More than 20% of the entire UK’s infrastructure construction contract value in 2016 came from the offshore wind industry, according to research from market analyst Barbour API.
In 2016, offshore wind sector’s contract value totalled £4.1bn, up from £2.45bn in 2015 and nearly six times the £700m in 2013.
The UK’s total infrastructure contract value reached £19.26bn in 2016, up from £18.9bn in 2015, showing the increasing importance of offshore wind in the industry.
In the utilities and power sector, offshore wind accounted for 42.1% of construction contract spend, an increase on 29.9% in 2015, according to Barbour's latest data.
Barbour points to three major offshore wind projects providing the increase in contract value: SSE’s 588 megawatt (MW) Beatrice site off Scotland, and Innogy’s 336MW Galloper and ScottishPower Renewable’s 714MW East Anglia One, both off east England.
“Back in 2013, offshore wind farms accounted for only 7.5% of the annual construction value for the utilities and power sector,” said Michael Dell, lead economicst at Barbour API. “With reports showing the costs of producing electricity in this way have fallen significantly, the increase in construction value makes sense.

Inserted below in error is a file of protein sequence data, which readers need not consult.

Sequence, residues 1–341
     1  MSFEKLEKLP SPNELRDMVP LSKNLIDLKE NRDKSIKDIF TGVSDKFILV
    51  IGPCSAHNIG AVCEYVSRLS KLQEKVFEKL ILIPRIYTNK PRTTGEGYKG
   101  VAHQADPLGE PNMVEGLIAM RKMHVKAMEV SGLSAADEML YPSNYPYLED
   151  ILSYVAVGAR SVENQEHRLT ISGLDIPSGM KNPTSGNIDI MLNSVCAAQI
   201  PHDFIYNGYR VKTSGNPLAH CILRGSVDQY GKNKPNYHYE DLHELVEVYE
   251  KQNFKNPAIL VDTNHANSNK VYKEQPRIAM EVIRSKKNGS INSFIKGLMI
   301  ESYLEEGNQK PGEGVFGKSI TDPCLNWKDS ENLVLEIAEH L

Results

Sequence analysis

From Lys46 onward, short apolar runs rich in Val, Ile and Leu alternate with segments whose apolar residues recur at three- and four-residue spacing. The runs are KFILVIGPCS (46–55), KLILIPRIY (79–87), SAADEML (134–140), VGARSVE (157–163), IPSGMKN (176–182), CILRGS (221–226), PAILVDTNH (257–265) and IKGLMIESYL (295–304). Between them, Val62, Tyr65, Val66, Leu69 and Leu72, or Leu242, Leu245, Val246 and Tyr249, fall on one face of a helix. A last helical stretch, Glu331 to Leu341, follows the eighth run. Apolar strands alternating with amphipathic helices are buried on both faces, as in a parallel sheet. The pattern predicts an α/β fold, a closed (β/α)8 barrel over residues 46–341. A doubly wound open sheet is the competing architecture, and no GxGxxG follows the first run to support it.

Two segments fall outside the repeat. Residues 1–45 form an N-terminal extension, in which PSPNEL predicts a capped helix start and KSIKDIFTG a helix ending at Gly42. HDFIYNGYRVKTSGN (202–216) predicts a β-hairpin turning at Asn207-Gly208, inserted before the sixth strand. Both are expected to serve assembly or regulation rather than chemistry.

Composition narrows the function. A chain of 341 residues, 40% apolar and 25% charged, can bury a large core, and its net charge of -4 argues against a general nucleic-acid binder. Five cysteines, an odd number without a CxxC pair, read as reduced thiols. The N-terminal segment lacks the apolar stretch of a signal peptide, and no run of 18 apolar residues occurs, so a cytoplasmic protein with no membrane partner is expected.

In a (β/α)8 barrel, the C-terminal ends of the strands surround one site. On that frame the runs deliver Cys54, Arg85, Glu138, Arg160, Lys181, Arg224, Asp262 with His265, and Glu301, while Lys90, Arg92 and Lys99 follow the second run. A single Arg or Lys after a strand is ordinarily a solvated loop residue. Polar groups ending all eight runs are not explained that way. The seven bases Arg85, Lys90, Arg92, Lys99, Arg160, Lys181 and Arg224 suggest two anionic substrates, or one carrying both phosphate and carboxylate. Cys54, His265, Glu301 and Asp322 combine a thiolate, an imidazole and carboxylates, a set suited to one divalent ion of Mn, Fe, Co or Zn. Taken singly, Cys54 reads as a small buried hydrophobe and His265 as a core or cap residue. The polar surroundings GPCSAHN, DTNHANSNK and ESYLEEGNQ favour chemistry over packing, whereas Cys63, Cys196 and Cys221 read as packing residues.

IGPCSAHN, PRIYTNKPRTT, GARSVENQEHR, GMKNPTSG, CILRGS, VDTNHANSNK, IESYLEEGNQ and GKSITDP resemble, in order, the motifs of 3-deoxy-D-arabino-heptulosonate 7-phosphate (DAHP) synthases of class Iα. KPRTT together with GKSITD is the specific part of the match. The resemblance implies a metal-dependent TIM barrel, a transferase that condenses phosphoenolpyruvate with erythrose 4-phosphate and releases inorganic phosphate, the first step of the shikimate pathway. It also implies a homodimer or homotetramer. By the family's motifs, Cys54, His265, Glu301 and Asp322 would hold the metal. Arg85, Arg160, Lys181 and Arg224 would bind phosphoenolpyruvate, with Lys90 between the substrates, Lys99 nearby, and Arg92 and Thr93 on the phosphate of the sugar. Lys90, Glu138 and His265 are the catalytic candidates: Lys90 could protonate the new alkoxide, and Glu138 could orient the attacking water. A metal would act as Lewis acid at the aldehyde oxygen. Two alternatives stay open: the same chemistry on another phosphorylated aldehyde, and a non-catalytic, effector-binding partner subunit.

“We have also seen a large uptake in the planning pipeline for future offshore wind farms, with £23.2bn worth of construction planned over the coming years, suggesting this burgeoning sector will continue to expand in 2017 and beyond,” Dell added.
Trade body RenewableUK said the UK was “reaping the benefits” of the offshore market.
“By winning nearly half of the construction contracts in the energy sector, offshore wind is showing that renewables are not just about clean energy generation — they are about substantial modern infrastructure investment,” said RenewableUK’s executive director Emma Pinchbeck.
“Offshore wind is transforming places like Hull, Grimsby, Great Yarmouth and the Isle of Wight — and there are a host of supply chain companies benefiting across the country, in West Lothian, Cheshire, Leicestershire, Bedfordshire and Hampshire. These UK businesses are the backbone of the new clean energy economy,” Pinchbeck added.
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